In america it does in fact stem from the civil war. The southerners used to call the northerns yanks as well as several other names....and as to getting over it...well that definitely has not been the case. I know many southerners who still fly the confederate flag at their home. lol. soooooooo yeah.

But over all its not seen as an insult especially in foreign countries since it stemmed over there from WW1 and WW2. :) just depends on how "sensitive" an individual is :D

I'm sure a lot is the tone of voice when saying it. most people will hopefully understand its not an insult...unless in fact the tone of voice would indicate otherwise...it seems that would be common sense...but what is it they say about common sense....common sense is no longer common or "common sense is no longer readily employed" lol. any who I don't think you should have to much to worry about.

@1stimestar 

Would love to know what the 'several other names' are  smile

@Ferret 

 

The term Yankee and it's shortened form Yank was used by the British to refer to the people of the North American colonies. Later it was used by southerners to refer to northerners.  The shortened form "Yank" is still used in Great Britain and Australia to refer to Americans.

 

Would love to know what the 'several other names' are

 Nowadays, in the South there are typically two uses of the word.  Yankee is still used to refer to Northerners, but there is also the phrase "Damned Yankee" which refers to a Northerner who has come to the South and stayed. hats_off

A positive attitude may not solve all your problems, but it will annoy enough people to make it worth the effort. ~Herm Albright

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Oliver
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April 11, 2014 - 12:12 pm
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Fiddlerman
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April 11, 2014 - 3:56 pm
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You guys can call me anything you want to. LOL

"The richest person is not the one who has the most,
but the one who needs the least."

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Mad_Wed
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Fiddlerman said
You guys can call me anything you want to. LOL

Hahahahahaaaa! XDroflroflrofl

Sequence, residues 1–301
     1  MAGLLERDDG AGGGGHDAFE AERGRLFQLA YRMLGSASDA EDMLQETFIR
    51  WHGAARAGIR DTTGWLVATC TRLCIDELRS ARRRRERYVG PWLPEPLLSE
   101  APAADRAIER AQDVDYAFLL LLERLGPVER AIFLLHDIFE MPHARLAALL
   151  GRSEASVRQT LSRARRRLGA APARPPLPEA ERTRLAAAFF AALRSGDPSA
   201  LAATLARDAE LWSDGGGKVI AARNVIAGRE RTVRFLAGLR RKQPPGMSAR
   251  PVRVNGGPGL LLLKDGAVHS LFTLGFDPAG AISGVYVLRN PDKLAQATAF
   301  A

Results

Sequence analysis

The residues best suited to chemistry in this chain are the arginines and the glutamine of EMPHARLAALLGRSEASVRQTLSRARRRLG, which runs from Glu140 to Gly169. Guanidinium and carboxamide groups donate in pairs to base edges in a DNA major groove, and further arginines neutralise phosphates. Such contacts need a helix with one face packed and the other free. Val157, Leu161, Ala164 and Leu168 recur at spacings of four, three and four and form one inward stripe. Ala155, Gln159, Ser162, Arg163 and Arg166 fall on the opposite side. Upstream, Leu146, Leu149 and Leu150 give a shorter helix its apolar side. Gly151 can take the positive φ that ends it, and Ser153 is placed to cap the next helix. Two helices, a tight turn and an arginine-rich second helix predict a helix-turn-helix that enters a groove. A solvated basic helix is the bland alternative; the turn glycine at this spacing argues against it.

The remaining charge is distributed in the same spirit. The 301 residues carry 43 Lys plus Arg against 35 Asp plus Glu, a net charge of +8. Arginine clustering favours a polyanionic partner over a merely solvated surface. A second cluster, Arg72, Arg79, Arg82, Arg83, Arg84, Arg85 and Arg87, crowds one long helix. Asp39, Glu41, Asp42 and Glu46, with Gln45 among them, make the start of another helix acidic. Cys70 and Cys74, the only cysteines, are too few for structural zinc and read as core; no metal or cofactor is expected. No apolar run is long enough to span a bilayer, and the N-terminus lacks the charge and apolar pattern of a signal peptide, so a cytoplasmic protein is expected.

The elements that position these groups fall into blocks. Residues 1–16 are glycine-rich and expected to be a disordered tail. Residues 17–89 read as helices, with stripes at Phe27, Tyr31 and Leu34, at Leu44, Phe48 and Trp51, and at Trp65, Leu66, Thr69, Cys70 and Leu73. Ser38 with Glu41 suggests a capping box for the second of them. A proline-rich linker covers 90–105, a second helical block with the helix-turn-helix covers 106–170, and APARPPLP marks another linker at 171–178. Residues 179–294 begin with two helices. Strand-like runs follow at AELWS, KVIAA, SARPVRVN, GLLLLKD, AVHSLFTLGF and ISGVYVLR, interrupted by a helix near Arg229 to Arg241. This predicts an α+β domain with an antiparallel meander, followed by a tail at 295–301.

Can i call You "Bob"?

Just joking. laugh

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Fiddlerman
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April 13, 2014 - 7:39 am
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You can call me Bob but I might not know that you are talking to me. :-)

"The richest person is not the one who has the most,
but the one who needs the least."

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Hman
Florida
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April 13, 2014 - 6:51 pm
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I have a serious question and I mean no offense with anything I say...

I have grown up in the north my entire life but have been in Florida for the past decade. Technically people don't consider Florida the south though lol.

Something that has frustrated me since I've lived in Louisiana and Florida is people who do fly the confederate flag. Now, for anyone on this site that has it on their vehicle or house, please do not get offended. I have always come from the standpoint that the confederate flag has been a symbol for those who wanted to secede from the U.S. So every time I see the flag I understand that the person is probably just showing southern pride, but the reality is that originally it meant that they didn't want to be apart of our country. So they are probably ignorant and don't realize this.

Again, maybe I'm the ignorant one and I don't know what I'm talking about. Feel free to chime in...

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KindaScratchy
Massachusetts
April 13, 2014 - 8:00 pm
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Ferret said
Is it 'rude' for a 'foreigner' to call an American a 'yank'?

In Australia we do it all the time but it's not meant in any negative way..... most of the time rofl

 

Interestingly, the definition of Yankee differs based on one's perspective. To people outside of the U.S., Yankees -- or Yanks -- refers to all Americans. To people from the southern U.S., Yankees are people from the northern states. To people from the northern U.S., especially in the New England states, Yankees are people who are descended from the early English settlers.

In southern New England, there's even a sub-class of Yankee known as the Swamp Yankee. These are people from rural areas of Rhode Island, eastern Connecticut and southeastern Massachusetts who are characterized as being very independent, frugal and quite stubborn.